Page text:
The 15th Amendment, a Failure? Some New Evidence

African American Heritage  •  Fellowships  •  History

This commemorative print celebrates the passage of the Fifteenth Amendment to the U. S. Constitution. - Courtesy Library of Congress
This commemorative print celebrates the passage of the Fifteenth Amendment to the U. S. Constitution. - Courtesy Library of Congress

Virginia Humanities

145 Ednam Drive, Charlottesville VA 22903

The Fifteenth Amendment, ratified February 3, 1870, gave African American men in America the right to vote. It was the third and last of the Reconstruction amendments. While women’s suffrage took another fifty years, the arrival of African American men at the polls promised a dramatic change in politics and society. Historians have long wrestled with the question of whether the amendment was a success or a failure.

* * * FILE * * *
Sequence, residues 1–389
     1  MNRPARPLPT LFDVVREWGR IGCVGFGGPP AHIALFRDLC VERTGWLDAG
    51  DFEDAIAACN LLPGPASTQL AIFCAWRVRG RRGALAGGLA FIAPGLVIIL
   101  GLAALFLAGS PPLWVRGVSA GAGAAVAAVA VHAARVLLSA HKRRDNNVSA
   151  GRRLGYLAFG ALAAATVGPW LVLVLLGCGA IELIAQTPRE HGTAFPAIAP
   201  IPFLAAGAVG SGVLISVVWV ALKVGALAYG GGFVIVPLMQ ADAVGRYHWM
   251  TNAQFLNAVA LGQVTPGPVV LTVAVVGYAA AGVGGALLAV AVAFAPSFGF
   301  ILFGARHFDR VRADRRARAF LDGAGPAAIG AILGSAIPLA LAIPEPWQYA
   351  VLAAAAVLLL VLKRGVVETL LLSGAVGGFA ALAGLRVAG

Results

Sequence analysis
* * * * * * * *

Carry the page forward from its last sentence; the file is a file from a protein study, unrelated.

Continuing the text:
In this talk, Don Debats will explore newly discovered electoral records that enhance our understanding of an amendment many called, “the greatest gain of the Civil War.”

Don Debats is a Virginia Humanities’ residential Fellow, NEH scholar, Flinders University professor and director of the Jeff Bleich Center for the US Alliance in Digital Technology Security and Governance.

This talk is free and open to the public. A casual lunch will be provided.

Facebook Live

This talk will be steamed live to Virginia Humanities’ Facebook page.